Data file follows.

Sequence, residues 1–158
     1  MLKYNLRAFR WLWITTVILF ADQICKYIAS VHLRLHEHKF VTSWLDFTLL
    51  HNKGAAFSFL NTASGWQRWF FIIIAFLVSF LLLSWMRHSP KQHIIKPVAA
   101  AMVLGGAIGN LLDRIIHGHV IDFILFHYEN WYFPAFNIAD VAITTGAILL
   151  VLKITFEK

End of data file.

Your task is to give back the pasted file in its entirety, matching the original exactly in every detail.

Sequence, residues 1–158
     1  MLKYNLRAFR WLWITTVILF ADQICKYIAS VHLRLHEHKF VTSWLDFTLL
    51  HNKGAAFSFL NTASGWQRWF FIIIAFLVSF LLLSWMRHSP KQHIIKPVAA
   101  AMVLGGAIGN LLDRIIHGHV IDFILFHYEN WYFPAFNIAD VAITTGAILL
   151  VLKITFEK